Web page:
Reporting and Resources
Employees are encouraged to report sexual misconduct, intimate partner violence, or stalking that is perpetrated against them or other members of the MIT community. There are numerous options for reporting the misconduct and obtaining support; which option a person chooses depends upon the nature and severity of the misconduct, whether the person wishes the report to remain confidential, and whether the person wishes to pursue a formal complaint. For information about reporting, campus resources, and grievance procedures, contact the Deputy Title IX Coordinator for Staff.
There are several ways that a complaint may be raised:
File a Confidential Report
Individuals who wish to confidentially inform the Institute of a case of sexual misconduct by an MIT student or employee may report an incident by contacting the following:
- The MIT Police Confidential Reporting form
- Staff at VPR can assist you in filing an anonymous report
MIT Violence Prevention & Response Team 24-hour advocate hotline: (617-253-2300), http://mit.edu/wecanhelp
Although MIT will not know your identity, depending on the nature of the information provided, MIT may conduct an investigation or otherwise take action in response, although its ability to respond may be limited by the confidential nature of the report.
There are informal options available to employees to try to address certain misconduct. There are many kinds of informal methods to resolve complaints, as noted below. One option, mediation, may be particularly useful for allegations of sexual misconduct (other than assault).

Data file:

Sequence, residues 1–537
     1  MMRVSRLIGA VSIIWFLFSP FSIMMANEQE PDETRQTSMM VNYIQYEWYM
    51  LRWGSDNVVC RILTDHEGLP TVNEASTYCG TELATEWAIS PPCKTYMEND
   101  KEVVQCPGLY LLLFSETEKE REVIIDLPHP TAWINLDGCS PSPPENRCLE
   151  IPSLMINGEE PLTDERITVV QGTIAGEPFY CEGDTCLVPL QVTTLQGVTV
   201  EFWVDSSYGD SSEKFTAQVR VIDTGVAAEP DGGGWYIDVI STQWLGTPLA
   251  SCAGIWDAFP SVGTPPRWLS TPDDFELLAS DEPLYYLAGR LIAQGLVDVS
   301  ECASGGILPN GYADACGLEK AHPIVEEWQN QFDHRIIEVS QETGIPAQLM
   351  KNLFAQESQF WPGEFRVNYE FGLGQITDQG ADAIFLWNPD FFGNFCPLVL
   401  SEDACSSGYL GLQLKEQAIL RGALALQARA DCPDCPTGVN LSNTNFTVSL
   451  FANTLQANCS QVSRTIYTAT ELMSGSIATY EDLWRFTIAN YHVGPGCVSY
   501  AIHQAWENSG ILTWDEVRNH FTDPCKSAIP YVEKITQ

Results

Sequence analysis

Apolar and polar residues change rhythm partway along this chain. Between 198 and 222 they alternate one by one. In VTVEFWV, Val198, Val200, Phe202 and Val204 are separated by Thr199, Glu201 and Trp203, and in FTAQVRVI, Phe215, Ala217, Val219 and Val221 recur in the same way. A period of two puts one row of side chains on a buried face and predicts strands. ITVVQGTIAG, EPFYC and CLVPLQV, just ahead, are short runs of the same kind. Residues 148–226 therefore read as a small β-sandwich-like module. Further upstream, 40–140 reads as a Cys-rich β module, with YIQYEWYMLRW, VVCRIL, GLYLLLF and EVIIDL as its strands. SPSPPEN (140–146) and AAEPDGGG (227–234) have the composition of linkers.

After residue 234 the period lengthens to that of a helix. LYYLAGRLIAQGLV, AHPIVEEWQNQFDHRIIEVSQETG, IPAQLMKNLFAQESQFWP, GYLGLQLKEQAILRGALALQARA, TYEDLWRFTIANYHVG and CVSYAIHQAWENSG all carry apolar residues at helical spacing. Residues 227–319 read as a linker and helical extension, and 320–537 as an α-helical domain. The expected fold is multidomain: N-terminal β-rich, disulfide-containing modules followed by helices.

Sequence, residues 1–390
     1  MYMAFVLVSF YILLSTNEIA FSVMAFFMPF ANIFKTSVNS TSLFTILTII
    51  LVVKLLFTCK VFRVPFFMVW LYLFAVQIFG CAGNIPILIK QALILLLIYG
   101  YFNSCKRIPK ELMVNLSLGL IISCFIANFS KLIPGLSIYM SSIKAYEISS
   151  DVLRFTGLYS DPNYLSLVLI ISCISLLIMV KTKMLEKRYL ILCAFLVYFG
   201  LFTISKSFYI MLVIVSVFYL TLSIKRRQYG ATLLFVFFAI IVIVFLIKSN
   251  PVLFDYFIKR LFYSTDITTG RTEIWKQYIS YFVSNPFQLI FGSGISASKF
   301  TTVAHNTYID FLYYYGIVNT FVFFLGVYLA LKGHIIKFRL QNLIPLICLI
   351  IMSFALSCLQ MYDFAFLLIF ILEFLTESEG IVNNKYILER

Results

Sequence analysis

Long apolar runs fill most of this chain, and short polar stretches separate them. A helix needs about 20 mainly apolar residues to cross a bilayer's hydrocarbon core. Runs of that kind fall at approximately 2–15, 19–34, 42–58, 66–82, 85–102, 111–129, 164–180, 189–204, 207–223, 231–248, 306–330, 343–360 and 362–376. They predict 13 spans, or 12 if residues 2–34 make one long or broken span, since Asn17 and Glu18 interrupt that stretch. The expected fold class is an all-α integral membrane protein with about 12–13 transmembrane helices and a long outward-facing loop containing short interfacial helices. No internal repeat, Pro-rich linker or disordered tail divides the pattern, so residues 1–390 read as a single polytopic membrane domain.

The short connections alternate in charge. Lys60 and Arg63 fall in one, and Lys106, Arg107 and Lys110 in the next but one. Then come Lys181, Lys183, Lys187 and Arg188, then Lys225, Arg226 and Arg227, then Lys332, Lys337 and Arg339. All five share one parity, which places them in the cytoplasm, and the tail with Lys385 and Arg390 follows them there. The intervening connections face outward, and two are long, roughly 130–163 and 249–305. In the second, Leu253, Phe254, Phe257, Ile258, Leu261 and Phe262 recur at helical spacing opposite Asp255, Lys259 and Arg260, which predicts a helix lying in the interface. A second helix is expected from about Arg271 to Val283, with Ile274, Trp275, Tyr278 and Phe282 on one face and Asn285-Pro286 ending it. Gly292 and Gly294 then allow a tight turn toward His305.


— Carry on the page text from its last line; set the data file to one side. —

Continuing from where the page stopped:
- Mediation is a confidential process in which both the complainant and the respondent are helped by a trained mediator to reach a resolution. Mediation is designed to resolve complaints quickly, efficiently and to the mutual satisfaction of all parties involved. Mediators are trained to be neutral and not to take sides with either person. Resolutions reached are often put into writing. They are not kept by the mediator. They also are not kept by the Institute, nor are they monitored or enforced by the Institute, unless specifically stated in the written agreement. Formal mediation can be especially useful where there are differences in perception or values or when the complainant wants to protect one's privacy. This is a voluntary process for everyone involved and will be pursued only with the consent of both parties. It is important to note that mediation is not appropriate for certain cases, including those involving allegations of sexual assault, even on a voluntary basis.
In cases where mediation is deemed to be an option, a Complainant wishing to pursue mediation should contact the Human Resources office.
- For other options see: http://web.mit.edu/communications/hg
To pursue a formal complaint, an employee should submit a complaint in writing to the Human Resources Office on campus, or at Lincoln Laboratory (for Lincoln employees), or to the Office of Student Citizenship (for students). If a complaint involves a possibly criminal matter, you can also bring the complaint to the MIT Police.
An employee complaint will be reviewed and a decision will be made as to how MIT will respond. MIT will conduct an investigation of a complaint of sexual misconduct. Investigations are done by an impartial investigator, giving notice to the person who allegedly offended and providing a reasonable opportunity for that person to respond to the major elements of the complaint and information presented. An investigation and decision on a complaint can lead to serious disciplinary action, which may include termination.
In a sexual misconduct matter, the complainant and respondent can appeal a decision on the complaint. Such appeal must be in writing, filed promptly with the Human Resources Office, and state the reasons supporting the appeal.
For further information see: http://web.mit.edu/policies/9/9.6.html